The Common Cold Remedy Myth Antihistamines

Antihistamines are popular over-the-counter medications that some people use as cold remedies. Research shows that while antihistamines often relieve symptoms related to allergies, they may be less effective and even detrimental as cold treatments.

How do antihistamines work and when should you take them? Understanding the benefits and risks will guide you in making that decision the next time you’re faced with a runny nose and sneezing due to the common cold.

Understanding Histamines

When an allergic action or infection occurs, the human body produces chemicals called histamines. Histamines are essentially the body’s reaction to the introduction of a foreign substance. Once histamines respond, symptoms tend to appear rapidly and include fits of sneezing and breathing difficulties.

Those who suffer from allergies, such as hay fever, recognize all the familiar allergy symptoms, which include:

  • congestion
  • itching eyes
  • sneezing
  • stuffy and/or runny nose.

The over-production of mucus is the immune system’s attempt to rid the body of the invasion and causes many symptoms related to allergies.

Antihistamines in Action

Antihistamines, as the name implies, work to decrease or eliminate the effects of histamine. Once in the system, they coat the histamine receptors, thus preventing histamines from invading cells and creating annoying and uncomfortable symptoms.

Antihistamines aid in reducing the mucus production associated with allergies. These medicines also provide relief from reactions to poison ivy and insect bites and can help with sinus conditions when they relate to allergies.

As injections applied by a professional, antihistamines are useful in treating anaphylactic shock, which is a severe allergic reaction that can lead quickly to death. The appropriate use of antihistamines also helps prevent allergic reactions for chronic sufferers. The medication works quickly, usually in less than 30 minutes, and can provide protection against exposure to known irritants.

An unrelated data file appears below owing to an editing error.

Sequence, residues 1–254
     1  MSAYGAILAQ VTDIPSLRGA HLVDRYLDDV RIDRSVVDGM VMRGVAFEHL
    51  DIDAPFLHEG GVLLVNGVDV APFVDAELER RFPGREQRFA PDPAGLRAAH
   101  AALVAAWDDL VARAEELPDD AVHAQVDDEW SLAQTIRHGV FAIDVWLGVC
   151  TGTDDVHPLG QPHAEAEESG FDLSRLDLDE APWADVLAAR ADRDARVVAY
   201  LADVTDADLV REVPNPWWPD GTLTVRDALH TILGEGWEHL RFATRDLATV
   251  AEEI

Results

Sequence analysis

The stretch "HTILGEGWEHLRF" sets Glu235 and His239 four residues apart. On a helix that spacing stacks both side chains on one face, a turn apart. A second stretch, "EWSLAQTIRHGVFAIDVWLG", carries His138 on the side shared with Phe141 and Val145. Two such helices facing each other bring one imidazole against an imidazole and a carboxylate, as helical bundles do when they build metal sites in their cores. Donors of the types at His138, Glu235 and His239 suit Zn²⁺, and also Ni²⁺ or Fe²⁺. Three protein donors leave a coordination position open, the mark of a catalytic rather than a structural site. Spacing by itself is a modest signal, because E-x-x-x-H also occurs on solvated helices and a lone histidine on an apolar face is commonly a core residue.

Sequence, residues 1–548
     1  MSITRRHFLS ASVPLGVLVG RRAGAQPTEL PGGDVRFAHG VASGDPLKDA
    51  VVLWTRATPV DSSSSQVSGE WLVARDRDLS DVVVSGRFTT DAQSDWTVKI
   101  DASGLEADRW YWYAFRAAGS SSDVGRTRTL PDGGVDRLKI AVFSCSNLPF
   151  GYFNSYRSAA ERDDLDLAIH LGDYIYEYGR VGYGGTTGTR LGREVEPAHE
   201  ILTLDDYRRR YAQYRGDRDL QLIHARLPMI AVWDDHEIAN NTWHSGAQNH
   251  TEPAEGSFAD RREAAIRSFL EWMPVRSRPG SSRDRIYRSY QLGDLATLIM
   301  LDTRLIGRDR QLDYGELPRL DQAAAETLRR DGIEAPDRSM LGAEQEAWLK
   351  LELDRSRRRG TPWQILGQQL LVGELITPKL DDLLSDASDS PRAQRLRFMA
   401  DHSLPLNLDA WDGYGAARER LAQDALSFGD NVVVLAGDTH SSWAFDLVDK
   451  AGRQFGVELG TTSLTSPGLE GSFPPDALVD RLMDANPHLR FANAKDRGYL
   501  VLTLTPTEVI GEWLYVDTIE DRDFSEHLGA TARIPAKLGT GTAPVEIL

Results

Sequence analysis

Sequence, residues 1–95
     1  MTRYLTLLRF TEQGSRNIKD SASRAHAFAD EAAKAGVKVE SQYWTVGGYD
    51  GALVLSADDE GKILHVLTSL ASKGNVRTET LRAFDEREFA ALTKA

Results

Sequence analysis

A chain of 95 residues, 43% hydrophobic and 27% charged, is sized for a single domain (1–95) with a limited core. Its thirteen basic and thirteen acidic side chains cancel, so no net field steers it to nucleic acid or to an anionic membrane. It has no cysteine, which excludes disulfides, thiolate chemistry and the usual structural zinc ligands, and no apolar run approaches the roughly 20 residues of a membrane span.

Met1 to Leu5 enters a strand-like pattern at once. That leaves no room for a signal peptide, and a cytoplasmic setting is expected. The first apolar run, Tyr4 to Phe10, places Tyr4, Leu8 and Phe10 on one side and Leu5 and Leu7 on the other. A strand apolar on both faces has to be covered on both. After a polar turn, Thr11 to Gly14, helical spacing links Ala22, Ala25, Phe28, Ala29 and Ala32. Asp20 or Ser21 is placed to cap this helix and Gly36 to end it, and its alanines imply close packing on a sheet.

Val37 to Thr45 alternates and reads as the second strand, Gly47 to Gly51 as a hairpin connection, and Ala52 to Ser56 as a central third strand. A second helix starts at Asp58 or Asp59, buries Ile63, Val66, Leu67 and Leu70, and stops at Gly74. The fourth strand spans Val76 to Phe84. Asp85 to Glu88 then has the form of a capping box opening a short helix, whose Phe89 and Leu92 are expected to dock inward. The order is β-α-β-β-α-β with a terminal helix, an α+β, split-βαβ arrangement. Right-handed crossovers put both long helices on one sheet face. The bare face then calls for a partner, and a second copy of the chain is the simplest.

The Effectiveness of Antihistamines for Colds

Many over-the-counter medications for colds contain antihistamines. These may also include decongestants, cough suppressants and pain relievers in varying combinations.

Over-the-counter cold medications often include the first-generation antihistamines, which have a sedating effect. In fact, the main complaint and risk of antihistamine medication is that they have the potential to cause drowsiness. In some individuals, this can be extreme and may interfere with daily tasks to varying degrees.

Other known side effects of sedative-type antihistamines typically include an uncomfortably dry mouth and nose. Other side effects associated with antihistamines include:

  • constipation
  • dizziness
  • ear noise
  • headache
  • heart palpitations
  • stomach pains.

For some individuals, antihistamines have a reverse effect, causing:

  • agitation
  • nervousness
  • restlessness.

Many experts currently recommend eliminating antihistamines from cold treatments due to these negative side effects. Another reason to avoid taking antihistamines for a cold is that a cold is caused by a virus rather than the activity of histamine.

Taking antihistamines can even make it harder for a person with a cold to get well. For example, a runny nose helps eliminate a viral infection from the body. Antihistamines, however, work to impede mucous production.

Studies also show that, in some cases, children can suffer from cold symptoms, such as earaches, longer when they take an antihistamine. They also tend to exhibit signs of over-excitability when taking antihistamines, even for short periods.

Common Antihistamines

It’s important to study labels when purchasing cold remedies. Antihistamines commonly listed include:

  • brompheniramine
  • chlorpheniramine
  • diphenhydramine
  • doxylamine
  • loratadine
  • terfenadine.

Pay close attention to the labels on cold remedies, as it is easy to over-medicate yourself or another if you don’t know all of the contents of a medication.

Resources

American Academy of Otolaryngology-Head and Neck Surgery (n.d.). Antihistamines, Decongestants, and “Cold Remedies.” Retrieved November 4, 2007, from the AAO-HNS Web site: http://www.entnet.org/healthinfo/allergies/antihistamines.cfm.

Commoncold, Inc. (1999-2007). Cold Treatments that are Effective and Safe. Retrieved November 4, 2007, from the Common Cold Web site: http://www.commoncold.org/trtmnt2.htm.

The Merck Manuals Online Medical Library (2003). Cold Remedies. Retrieved November 4, 2007, from the Merck Web site: http://www.merck.com/mmhe/sec02/ch018/ch018e.html.